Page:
Study reveals fastest flight boarding procedure

1 Sep 2011

A study in the Journal of Air Transport Management revealed that the boarding procedure used by most airlines today is the least efficient and the most efficient strategy would to have passengers boarding in alternate rows.

The study, conducted by Jason Steffen, an astrophysicist at Fermi National Laboratory in Illinois, took place in a mock fuselage, with 12 rows of six seats and a single aisle. Five methods were used to board 72 passengers and the average time for each method was recorded.

The current, commonly used method of boarding passengers from the rear rows first and gradually moving forward, called the Reverse Pyramid, takes the longest time because it leads to higher aisle and seat interferences where “passengers must either wait or traverse each other” in the aisle or within a row of seats, particularly on single aisle aircraft. On average, boarding from back to front, either by rows or in blocks, takes over six minutes and the latter is the slowest method, taking up to 6.54 minutes.

Another method that was tested, called the Wilma method, boards passengers in window seats first, followed by those in middle and aisle seats. This method reduces seat inferences and thus makes boarding more efficient than the Reverse Pyramid method. On average, boarding took 4.13 minutes when the Wilma method was adopted.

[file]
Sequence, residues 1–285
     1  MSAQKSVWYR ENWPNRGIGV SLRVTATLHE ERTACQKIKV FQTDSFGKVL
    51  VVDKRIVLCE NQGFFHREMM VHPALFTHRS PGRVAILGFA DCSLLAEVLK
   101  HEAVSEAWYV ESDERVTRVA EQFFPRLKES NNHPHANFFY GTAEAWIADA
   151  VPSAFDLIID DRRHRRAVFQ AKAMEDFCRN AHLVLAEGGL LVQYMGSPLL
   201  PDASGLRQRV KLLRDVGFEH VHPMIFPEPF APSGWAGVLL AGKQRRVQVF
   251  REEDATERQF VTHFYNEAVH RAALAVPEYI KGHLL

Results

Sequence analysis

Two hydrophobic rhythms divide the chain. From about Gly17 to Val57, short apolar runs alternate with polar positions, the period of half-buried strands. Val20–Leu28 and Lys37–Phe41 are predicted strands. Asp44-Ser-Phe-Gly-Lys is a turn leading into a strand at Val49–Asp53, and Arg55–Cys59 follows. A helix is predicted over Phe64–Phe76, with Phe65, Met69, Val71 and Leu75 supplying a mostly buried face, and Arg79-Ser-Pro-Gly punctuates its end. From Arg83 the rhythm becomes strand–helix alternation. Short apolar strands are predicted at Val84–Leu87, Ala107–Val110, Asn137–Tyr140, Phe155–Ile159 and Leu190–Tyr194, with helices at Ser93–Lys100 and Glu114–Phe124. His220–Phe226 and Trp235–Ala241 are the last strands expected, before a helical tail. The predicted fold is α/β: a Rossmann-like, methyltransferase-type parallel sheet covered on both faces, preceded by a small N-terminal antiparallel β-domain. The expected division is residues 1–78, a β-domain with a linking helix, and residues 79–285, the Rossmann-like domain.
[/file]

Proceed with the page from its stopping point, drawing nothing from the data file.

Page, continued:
The study proposes the Steffen method, named after the researcher, which would organise boarding based on alternate rows thus reducing both seat and aisle interferences. For example, passengers in seats 6A, 8A, 10A and 12A would board first to reduce aisle interferences and enable “multiple passengers stowing their luggage simultaneously,” states the study. Boarding with this method took the shortest time: 3.36 minutes.

When applied on larger aircraft, the Steffen method would still be the fastest. “If the airplane is twice as long, the time savings will be nearly twice as much since the density of luggage stowing passengers will remain the same” on all airplanes. Consequentially, the study states, this could lead to large monetary savings for carriers, “as much as US$110,000,000 annually per carrier.”

To read the full study, click here.

Alisha Haridasani

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